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City arts coordinator contract renewal delayed

Claiming the issue was not about art and its desirability in South Lake Tahoe, the South Lake Tahoe City Council opted Tuesday against renewing the city arts development coordinator’s contract for another year.

Instead, it opted for a 60-day extension only, pending further discussion at annual budget hearings in September.

“I have spent so much time thinking about this. I think art has a place in this community, my concern is that we should maybe be using the promotional dollars that pay her salary for other purposes,” said Councilmember Brooke Laine. “My desire is for the council to come together and decide exactly what promotional funds should be used for and what our priorities are. This is a discussion we need to have in the near future.”



The original issue before the council was a request to increase arts coordinator Phylise Walker’s salary to $42,200 – totaling a $10,200 raise since she first took the job five years ago.

According to city manager Kerry Miller, the raise represents fair compensation for an increased work load.




“Phylise has single-handedly developed the arts program in this community. She brings a tremendous amount of expertise and experience to the job – we’re fortunate to have her,” Miller said. “If there have been some negative comments, it’s because of the age-old debate about whether public monies should be used to support the arts – not whether Phylise can do the job.”

According to Miller, Walker was originally hired in 1994, with a $30,000 salary drawn from the city’s general fund promotional dollars, to create and direct an arts commission. Walker’s subsequent salary increases were, and still are, taken from the redevelopment fund.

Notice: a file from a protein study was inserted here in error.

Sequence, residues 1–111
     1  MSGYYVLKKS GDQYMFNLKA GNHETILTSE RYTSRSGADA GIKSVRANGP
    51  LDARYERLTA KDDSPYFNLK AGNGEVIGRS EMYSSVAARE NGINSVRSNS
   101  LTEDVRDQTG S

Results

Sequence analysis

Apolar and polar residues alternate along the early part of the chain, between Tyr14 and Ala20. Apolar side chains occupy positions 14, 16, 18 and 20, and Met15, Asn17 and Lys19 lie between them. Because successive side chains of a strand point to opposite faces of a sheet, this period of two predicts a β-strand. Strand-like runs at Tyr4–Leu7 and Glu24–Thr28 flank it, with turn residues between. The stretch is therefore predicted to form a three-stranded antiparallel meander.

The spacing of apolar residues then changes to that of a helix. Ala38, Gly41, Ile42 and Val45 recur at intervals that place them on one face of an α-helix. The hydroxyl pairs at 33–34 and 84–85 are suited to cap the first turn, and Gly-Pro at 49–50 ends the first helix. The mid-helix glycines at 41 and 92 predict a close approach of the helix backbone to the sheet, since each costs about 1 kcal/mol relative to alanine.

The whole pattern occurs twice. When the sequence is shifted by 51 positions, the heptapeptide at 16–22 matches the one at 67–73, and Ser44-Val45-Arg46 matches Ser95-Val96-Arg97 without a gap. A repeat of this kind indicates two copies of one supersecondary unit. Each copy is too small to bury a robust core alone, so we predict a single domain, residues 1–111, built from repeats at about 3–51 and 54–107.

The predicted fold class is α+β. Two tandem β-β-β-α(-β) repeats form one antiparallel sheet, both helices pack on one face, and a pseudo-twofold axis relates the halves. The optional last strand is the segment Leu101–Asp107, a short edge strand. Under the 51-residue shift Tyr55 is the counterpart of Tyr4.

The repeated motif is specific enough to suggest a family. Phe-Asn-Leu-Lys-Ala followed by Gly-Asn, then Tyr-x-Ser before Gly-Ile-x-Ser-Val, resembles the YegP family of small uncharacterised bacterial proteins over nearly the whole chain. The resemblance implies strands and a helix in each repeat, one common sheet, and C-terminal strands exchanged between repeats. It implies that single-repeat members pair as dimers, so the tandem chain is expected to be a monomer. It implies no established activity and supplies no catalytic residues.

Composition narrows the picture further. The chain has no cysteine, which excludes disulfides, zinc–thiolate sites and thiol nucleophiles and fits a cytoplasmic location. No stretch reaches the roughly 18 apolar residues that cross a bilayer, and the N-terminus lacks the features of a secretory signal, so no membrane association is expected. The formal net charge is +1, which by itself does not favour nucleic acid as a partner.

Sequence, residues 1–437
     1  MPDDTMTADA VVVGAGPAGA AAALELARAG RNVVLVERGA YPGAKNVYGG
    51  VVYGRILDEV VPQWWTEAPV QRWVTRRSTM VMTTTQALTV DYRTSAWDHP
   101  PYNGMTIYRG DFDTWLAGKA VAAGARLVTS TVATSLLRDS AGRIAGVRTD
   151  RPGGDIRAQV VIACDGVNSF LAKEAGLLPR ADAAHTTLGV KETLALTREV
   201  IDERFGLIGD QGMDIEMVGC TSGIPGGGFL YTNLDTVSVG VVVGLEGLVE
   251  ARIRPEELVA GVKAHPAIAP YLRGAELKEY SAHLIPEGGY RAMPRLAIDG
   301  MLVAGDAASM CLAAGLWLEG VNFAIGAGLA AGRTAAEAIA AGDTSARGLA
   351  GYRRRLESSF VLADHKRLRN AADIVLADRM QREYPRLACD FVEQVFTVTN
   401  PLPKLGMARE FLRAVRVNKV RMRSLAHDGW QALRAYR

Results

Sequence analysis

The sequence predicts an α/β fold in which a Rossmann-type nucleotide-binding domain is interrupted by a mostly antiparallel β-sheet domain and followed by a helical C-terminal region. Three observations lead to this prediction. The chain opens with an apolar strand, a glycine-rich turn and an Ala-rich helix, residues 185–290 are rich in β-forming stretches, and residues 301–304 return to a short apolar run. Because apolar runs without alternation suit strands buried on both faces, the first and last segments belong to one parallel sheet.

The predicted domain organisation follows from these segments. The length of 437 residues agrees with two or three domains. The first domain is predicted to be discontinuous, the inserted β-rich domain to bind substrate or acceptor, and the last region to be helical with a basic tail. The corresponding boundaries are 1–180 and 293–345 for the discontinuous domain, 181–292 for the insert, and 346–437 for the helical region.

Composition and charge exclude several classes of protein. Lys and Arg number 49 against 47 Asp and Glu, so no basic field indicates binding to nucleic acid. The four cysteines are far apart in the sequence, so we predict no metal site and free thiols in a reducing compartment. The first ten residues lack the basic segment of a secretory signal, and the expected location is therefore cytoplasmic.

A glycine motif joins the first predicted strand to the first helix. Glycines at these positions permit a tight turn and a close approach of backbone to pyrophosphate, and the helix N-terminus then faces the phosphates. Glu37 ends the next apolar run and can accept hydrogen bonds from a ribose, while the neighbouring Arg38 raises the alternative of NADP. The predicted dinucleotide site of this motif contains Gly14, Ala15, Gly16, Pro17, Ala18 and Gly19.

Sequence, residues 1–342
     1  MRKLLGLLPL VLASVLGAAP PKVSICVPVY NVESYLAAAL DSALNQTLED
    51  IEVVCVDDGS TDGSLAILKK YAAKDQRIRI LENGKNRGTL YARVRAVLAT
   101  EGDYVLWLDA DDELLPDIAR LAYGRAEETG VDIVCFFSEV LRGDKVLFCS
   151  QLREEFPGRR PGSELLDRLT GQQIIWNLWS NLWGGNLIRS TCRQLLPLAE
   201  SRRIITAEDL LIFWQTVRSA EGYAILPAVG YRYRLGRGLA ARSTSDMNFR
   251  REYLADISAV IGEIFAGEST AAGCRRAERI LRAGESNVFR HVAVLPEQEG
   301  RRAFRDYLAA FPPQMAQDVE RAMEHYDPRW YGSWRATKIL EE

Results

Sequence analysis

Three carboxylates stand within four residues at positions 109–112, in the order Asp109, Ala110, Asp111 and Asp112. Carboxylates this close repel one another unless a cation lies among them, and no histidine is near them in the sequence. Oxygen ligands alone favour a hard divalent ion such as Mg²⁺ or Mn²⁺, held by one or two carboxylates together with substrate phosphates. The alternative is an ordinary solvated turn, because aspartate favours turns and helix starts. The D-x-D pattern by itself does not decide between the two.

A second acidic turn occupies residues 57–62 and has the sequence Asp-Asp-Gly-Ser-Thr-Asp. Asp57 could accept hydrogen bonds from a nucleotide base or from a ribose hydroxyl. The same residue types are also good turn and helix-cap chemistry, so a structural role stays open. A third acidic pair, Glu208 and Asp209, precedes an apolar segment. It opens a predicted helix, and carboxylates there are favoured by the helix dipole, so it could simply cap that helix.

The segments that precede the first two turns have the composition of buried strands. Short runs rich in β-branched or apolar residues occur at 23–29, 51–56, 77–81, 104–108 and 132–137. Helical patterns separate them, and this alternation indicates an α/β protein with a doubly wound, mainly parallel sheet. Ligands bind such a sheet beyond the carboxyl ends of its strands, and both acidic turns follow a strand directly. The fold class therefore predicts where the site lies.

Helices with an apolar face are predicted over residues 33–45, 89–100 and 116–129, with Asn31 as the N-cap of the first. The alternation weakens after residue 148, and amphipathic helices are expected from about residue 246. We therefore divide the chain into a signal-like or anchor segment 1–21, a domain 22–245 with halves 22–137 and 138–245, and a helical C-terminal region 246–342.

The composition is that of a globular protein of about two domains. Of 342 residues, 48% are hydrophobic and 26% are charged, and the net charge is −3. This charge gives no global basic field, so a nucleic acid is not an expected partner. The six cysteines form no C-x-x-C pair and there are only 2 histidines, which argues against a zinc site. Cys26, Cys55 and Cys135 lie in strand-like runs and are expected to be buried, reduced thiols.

“Over four years her involvement with redevelopment has grown immensely, taking up 30 to 40 percent of her time,” Miller said. “The salary increase simply recognizes the increased scope of her work. It is not performance related.”

But according to Councilman Bill Crawford, Walker’s position is a salary burden the city should consider carefully.

“My belief is her program has become an entity onto itself – with considerable draw in the city manager’s office,” Crawford said. “Her salary has increased almost 30 to 40 percent over the last four years, I think the jump is too big. I think at this point we need to slow down and see if the arts commission can do its job without a high-salary director.”

Walker, who was previously employed as the Fresno, Calif., arts council director, will have an increased job description to accompany this year’s $2,200-plus-expenses raise. Along with increased grant administration duties, she will be responsible for continuing the mural program and the artist’s studio tours. She will also be dealing with public art planning and design in the redevelopment project areas, and act as a liaison between the city and the arts community.

According to Walker, at least 50 people are involved in arts commission projects.

“There’s a lot of community support for this program and I’m very thankful for that,” Walker said.

BREAKOUT: What the arts commission has done in four years, according to Phylise Walker, arts development coordinator

– By the end of this year, the arts commission will have completed nine murals throughout the city of South Lake Tahoe and Meyers. Since 1995, the commission has raised $68,736 for the murals.

– The commission is hosting its fourth annual artists’ studio tour, which, according to Walker, attracted nearly 300 guests last year.

– The commission offers technical assistance workshops and mural apprenticeships for artists.

– In December, the commission will have completed a feasibility study to determine support and need for a community art center. The needs assessment study is being funded by a Nevada Arts Council and a National Endowment for the Arts grant.

– Three pieces of public art have been developed for the Ski Run Marina area in the past year, as well as a marina sign. Most are nearly complete.


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